Releasing Health Information to Patients: My Observation in the Changing Attitudes of Healthcare Professionals

What an interesting year it’s been as oncology practices started releasing health information to their patients using the Navigating Cancer patient portal. I witnessed a significant shift within clinics as their initial apprehension grew into a sense of relief and achievement. This was apparent while working with individual clinics and across the board with all portals launched in 2012.

Considering delivering records to patients is new, it’s not unusual for staff to have anxiety about releasing health information.  Clinics tend to worry about the number of patient calls they’ll receive and how the staff will manage during their busy schedules.  Understanding the clinics’ anxiety, Navigating Cancer developed a manual process to release health information, providing staff with ultimate control. During the first conversations clinics insisted the manual release process would be the only way to feel comfortable delivering records to patients, and therefore we built our application to support this view.

Yet after a very short period of time, clinics requested we build a process allowing records to release automatically, requiring staff action only when withholding a record was needed. Our development team quickly went to work building the automated functionality and launched it within weeks of the first request.  Additionally they created the option to manually release a specific record type, while applying the automated release mode to all other records. Now with very little action required, clinics are providing patients with electronic access to their health records, and successfully meeting the Meaningful Use goal.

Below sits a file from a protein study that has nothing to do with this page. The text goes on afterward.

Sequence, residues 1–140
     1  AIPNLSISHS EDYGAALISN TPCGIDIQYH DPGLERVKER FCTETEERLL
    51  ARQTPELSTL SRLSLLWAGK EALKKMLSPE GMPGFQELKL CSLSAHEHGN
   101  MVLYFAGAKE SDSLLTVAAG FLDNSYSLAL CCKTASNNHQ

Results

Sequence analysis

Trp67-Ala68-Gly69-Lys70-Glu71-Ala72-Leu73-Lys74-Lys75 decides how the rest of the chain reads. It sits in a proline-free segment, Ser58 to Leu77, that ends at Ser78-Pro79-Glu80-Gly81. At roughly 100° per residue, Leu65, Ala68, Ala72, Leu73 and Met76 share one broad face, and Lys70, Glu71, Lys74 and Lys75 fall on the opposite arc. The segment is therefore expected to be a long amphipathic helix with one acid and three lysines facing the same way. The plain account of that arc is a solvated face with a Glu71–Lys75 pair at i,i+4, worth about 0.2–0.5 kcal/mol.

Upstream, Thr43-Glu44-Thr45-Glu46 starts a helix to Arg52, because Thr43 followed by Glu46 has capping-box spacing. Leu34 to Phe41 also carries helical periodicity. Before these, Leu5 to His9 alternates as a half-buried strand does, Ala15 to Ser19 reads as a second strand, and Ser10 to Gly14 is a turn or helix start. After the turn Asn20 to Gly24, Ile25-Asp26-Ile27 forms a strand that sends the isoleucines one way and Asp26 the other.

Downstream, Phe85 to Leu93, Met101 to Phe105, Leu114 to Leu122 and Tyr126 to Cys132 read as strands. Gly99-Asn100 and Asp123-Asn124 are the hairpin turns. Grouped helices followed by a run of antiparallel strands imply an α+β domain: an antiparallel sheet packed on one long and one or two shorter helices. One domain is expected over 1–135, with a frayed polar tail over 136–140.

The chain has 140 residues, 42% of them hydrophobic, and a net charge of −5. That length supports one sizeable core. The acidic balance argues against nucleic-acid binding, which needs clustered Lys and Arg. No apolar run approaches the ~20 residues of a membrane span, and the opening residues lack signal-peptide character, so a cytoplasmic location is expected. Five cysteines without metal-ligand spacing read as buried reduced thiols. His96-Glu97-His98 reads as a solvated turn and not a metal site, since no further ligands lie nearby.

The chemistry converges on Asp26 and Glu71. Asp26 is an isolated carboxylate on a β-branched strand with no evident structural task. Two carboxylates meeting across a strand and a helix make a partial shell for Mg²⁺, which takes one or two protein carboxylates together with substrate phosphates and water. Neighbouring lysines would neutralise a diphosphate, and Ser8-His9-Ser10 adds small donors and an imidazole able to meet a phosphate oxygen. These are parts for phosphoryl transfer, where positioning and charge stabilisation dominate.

The option to automate the release process is currently offered with two settings: immediately when the record crosses over to the portal, or at the Meaningful Use deadline (3 business days).  Clinics can apply either of the automated modes to any or all of the record categories available on the portal: medications, allergies, primary diagnoses, secondary diagnoses, vitals or lab results.  With this flexibility, practices have chosen different variations to meet the needs of their clinic and patient population.

One aspect that doesn’t seem to vary is the appreciation patients relay when they begin to experience the benefits of using the portal. In a recent Navigating Cancer survey of 600 cancer patients, 87% said they valued having online access to their Clinical Visit Summaries. In this way patients have become more engaged in their health care and say they’re pleased with their clinic in providing a platform to do so. As for myself, the shift I observed this past year has been very inspiring! I look forward to a continued partnership with oncology practices as we all embrace the future growth of patient engagement in 2013.

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